Not All Apostates from Judaism Were Swindlers, Shlimazls, and No-Goodniks

Oct. 18 2017

Reviewing Todd Endelman’s Leaving the Jewish Fold, a study of Jewish conversion to Christianity in the modern era, the late Elliott Horowitz takes issue with the author’s assessment that his subjects were typically “swindlers, thieves, drunkards, whores, schlemiels, shlimazls, nudniks, and no-goodniks.” Many did fall into such categories, writes Horowitz, but there were some of considerable talent and ability whom Endelman does not mention or to whom he gives short shrift. Horowitz notes some of them in his review.

Jerusalem’s first Anglican bishop, Michael Solomon Alexander (1799–1845), a native of Posen (now Poznań) in Prussian Poland . . . makes [a] brief appearance in [this] engagingly written and wide-ranging new book. . . . Alexander—originally Pollack—had received a sufficiently advanced Jewish education to serve, after arriving in England, as a cantor and ritual slaughterer in Norwich, Nottingham, and Plymouth in the early 1820s. . . .

Another fascinating figure who might have appeared in Endelman’s [chapter] “Converts of Conversion” is Ferdinand Christian Ewald, Alexander’s personal chaplain in Jerusalem. In his Journal of Missionary Labors in the City of Jerusalem, he wrote of the baptism, “at a special Hebrew service, [of] Rabbi Eliezer, Rabbi Benjamin, Isaac Hirsch, and Simon Fränkel.” . . .

Hirsch, later known as Paul Isaac Hershon (1817-1888), . . .  a native of Buczacz in Galicia, had arrived in Jerusalem by way of Constantinople and Beirut, perhaps as part of the wave of Jewish messianic expectation in 1840. After his baptism he stayed in Jerusalem, serving as superintendent of the London Society House of Industry, which provided vocational training to converts as well as potential converts. In 1859, Hershon retired to London, where he soon published Extracts from the Talmud, Being Specimens of Wit, Wisdom, and Learning, etc., of the Wise and Learned Rabbis. Twenty years later, A Talmudic Miscellany appeared. . . .

[Another convert], Isaac Edward Salkinson (1820-1883), was baptized in London in 1849 and ordained a decade later in Glasgow as a Presbyterian minister. After serving as a missionary in [the Austrian city of] Pressburg (now Slovakian Bratislava), Salkinson spent his final years in Vienna, where his friends included the great [Hebrew] writer and editor Peretz Smolenskin. Salkinson eventually won a place for himself in the annals of Hebrew literature through his pioneering translations of works by Milton and Shakespeare. His 1871 translation of Paradise Lost was later described by the Anglo-Jewish scholar Israel Abraham as “attaining almost absolute perfection.” Of his 1874 Othello, which appeared under the title Ithiel ha-Kushi, Smolenskin wrote, “Today we exact our revenge from the English! They took our Bible and made it their own. We, in return, have captured their Shakespeare. Is it not a sweet revenge?”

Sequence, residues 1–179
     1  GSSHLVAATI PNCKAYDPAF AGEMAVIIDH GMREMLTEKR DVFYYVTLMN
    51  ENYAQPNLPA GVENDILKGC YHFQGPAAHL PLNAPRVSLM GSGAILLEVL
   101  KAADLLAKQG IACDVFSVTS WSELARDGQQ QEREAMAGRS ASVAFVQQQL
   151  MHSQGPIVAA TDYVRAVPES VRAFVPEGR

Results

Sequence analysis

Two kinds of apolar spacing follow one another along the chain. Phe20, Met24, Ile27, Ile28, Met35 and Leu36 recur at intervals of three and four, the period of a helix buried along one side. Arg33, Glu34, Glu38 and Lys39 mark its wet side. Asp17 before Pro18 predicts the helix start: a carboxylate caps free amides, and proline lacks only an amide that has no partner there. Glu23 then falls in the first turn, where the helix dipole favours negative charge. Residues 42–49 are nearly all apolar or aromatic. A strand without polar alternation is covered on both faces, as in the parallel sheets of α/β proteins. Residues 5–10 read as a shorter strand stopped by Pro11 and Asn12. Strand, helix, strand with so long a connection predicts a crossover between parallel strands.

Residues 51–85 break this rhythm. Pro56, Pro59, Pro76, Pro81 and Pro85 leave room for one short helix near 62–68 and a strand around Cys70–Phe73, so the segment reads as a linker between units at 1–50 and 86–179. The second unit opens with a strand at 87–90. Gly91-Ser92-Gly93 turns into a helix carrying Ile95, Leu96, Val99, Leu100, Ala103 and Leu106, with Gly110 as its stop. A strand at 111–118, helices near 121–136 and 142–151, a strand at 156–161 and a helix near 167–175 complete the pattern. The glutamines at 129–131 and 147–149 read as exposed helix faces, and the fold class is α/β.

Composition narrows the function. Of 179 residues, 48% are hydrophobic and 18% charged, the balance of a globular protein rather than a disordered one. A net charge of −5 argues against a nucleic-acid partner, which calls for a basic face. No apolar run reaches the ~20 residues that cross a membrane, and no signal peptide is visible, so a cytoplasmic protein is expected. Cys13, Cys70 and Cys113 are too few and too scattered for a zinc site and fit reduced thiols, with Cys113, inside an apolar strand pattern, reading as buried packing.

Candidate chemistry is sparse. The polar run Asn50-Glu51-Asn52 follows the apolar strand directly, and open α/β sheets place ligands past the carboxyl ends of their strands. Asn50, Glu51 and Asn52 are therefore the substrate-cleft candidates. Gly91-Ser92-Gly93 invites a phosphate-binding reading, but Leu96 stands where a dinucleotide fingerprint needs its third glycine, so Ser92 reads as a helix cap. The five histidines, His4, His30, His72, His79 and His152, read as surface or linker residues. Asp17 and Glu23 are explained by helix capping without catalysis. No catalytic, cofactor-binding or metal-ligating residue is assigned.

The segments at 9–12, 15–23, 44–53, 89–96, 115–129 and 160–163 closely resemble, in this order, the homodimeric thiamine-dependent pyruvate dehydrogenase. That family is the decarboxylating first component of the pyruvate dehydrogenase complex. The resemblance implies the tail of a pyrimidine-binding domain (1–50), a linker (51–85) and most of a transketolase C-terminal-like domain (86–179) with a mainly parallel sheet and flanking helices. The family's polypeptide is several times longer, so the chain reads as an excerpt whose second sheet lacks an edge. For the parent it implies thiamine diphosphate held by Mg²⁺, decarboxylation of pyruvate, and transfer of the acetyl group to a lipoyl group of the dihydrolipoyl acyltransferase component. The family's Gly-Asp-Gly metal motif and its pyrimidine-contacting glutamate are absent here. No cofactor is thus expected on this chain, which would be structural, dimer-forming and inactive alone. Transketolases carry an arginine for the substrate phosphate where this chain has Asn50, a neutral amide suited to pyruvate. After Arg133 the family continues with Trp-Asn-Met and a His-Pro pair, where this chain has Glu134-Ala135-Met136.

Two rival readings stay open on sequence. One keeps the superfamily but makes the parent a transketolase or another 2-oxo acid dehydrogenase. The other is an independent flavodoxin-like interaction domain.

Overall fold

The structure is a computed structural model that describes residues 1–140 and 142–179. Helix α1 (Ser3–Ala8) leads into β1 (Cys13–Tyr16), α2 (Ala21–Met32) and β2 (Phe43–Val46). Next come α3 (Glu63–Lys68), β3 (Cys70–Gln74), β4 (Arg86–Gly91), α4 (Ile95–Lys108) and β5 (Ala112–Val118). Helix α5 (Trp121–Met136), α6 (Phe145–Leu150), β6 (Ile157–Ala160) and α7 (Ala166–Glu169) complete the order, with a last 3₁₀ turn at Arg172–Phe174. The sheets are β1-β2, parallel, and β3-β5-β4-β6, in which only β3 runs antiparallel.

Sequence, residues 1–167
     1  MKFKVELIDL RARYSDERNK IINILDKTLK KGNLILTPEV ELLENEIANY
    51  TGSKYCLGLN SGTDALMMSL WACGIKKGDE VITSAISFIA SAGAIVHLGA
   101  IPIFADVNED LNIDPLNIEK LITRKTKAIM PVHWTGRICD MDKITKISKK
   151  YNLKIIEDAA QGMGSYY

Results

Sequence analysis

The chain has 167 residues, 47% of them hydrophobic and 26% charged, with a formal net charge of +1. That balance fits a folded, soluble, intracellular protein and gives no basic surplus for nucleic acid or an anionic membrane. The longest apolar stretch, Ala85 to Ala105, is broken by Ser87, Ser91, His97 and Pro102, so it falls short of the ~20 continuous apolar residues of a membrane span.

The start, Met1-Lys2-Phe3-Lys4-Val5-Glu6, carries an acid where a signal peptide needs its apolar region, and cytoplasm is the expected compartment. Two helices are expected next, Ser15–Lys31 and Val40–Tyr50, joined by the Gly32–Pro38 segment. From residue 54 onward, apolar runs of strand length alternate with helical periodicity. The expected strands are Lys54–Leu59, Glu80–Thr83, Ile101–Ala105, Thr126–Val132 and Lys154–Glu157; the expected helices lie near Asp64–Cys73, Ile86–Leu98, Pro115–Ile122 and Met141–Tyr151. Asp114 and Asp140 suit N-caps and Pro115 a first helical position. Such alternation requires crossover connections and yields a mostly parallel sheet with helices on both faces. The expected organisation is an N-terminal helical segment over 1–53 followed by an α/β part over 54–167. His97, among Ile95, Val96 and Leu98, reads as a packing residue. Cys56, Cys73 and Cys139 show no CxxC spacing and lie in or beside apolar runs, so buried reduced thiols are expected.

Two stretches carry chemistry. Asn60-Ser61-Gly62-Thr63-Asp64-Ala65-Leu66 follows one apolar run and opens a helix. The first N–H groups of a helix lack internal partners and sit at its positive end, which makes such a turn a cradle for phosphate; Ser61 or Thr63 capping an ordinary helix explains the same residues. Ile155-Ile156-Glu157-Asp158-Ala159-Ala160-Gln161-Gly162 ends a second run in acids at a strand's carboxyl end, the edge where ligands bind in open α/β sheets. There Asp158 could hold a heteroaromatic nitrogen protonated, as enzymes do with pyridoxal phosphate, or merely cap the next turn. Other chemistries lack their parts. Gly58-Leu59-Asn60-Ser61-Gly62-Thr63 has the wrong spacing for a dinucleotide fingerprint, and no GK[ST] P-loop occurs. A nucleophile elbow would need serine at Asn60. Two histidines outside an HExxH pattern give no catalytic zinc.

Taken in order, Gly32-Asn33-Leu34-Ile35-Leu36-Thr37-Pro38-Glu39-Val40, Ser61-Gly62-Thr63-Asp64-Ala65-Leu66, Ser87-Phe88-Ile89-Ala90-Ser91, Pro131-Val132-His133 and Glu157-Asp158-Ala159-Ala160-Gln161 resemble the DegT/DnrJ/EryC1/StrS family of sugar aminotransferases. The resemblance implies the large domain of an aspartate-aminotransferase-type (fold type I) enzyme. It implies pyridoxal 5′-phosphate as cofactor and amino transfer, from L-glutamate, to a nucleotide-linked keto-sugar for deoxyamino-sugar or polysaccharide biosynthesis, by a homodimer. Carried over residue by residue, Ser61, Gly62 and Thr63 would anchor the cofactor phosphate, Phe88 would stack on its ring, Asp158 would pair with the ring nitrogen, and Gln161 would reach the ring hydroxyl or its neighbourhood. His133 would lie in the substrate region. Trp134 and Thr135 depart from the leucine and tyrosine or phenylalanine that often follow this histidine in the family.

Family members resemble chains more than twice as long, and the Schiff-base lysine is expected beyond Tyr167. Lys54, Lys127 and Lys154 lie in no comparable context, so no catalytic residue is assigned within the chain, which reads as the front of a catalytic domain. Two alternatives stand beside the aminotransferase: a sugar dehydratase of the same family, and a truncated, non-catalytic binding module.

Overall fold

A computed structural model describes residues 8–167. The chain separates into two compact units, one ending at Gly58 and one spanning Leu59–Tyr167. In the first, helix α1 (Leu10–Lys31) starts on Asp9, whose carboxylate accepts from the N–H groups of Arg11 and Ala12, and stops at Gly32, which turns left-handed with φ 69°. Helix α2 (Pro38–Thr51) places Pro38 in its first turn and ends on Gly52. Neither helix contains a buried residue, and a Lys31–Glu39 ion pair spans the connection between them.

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More about: Christianity, Conversion, History & Ideas, Jewish history, Peretz Smolenskin, William Shakespeare

No, Israelis and Palestinians Can’t Simply Sit Down and Solve the “Israel-Palestinian Conflict”

Jan. 17 2019

By “zooming out” from the blinkered perspective with which most Westerners see the affairs of the Jewish state, argues Matti Friedman, one can begin to see things the way Israelis do:

Many [in Israel] believe that an agreement signed by a Western-backed Palestinian leader in the West Bank won’t end the conflict, because it will wind up creating not a state but a power vacuum destined to be filled by intra-Muslim chaos, or Iranian proxies, or some combination of both. That’s exactly what has happened . . . in Gaza, Lebanon, Syria, and Iraq. One of Israel’s nightmares is that the fragile monarchy in Jordan could follow its neighbors . . . into dissolution and into Iran’s orbit, which would mean that if Israel doesn’t hold the West Bank, an Iranian tank will be able to drive directly from Tehran to the outskirts of Tel Aviv. . . .

In the “Israeli-Palestinian” framing, with all other regional components obscured, an Israeli withdrawal in the West Bank seems like a good idea—“like a real-estate deal,” in President Trump’s formulation—if not a moral imperative. And if the regional context were peace, as it was in Northern Ireland, for example, a power vacuum could indeed be filled by calm.

But anyone using a wider lens sees that the actual context here is a complex, multifaceted war, or a set of linked wars, devastating this part of the world. The scope of this conflict is hard to grasp in fragmented news reports but easy to see if you pull out a map and look at Israel’s surroundings, from Libya through Syria and Iraq to Yemen.

The fault lines have little to do with Israel. They run between dictators and the people they’ve been oppressing for generations; between progressives and medievalists; between Sunnis and Shiites; between majority populations and minorities. If [Israel’s] small sub-war were somehow resolved, or even if Israel vanished tonight, the Middle East would remain the same volatile place it is now.

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More about: Hizballah, Iran, Israel & Zionism, Israeli-Palestinian Conflict, Middle East